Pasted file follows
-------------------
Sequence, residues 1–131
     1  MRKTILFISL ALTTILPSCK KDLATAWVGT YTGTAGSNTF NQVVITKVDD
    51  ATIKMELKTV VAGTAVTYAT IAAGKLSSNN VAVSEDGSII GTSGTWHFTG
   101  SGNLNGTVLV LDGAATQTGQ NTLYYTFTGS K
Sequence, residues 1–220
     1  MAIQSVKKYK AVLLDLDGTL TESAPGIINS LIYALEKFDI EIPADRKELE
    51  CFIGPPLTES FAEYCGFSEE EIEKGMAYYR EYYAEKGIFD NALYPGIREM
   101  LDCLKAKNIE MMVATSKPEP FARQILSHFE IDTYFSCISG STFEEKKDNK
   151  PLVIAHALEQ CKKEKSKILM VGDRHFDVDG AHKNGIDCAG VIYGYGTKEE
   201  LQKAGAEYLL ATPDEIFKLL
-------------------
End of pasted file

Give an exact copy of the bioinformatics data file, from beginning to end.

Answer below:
Sequence, residues 1–131
     1  MRKTILFISL ALTTILPSCK KDLATAWVGT YTGTAGSNTF NQVVITKVDD
    51  ATIKMELKTV VAGTAVTYAT IAAGKLSSNN VAVSEDGSII GTSGTWHFTG
   101  SGNLNGTVLV LDGAATQTGQ NTLYYTFTGS K
Sequence, residues 1–220
     1  MAIQSVKKYK AVLLDLDGTL TESAPGIINS LIYALEKFDI EIPADRKELE
    51  CFIGPPLTES FAEYCGFSEE EIEKGMAYYR EYYAEKGIFD NALYPGIREM
   101  LDCLKAKNIE MMVATSKPEP FARQILSHFE IDTYFSCISG STFEEKKDNK
   151  PLVIAHALEQ CKKEKSKILM VGDRHFDVDG AHKNGIDCAG VIYGYGTKEE
   201  LQKAGAEYLL ATPDEIFKLL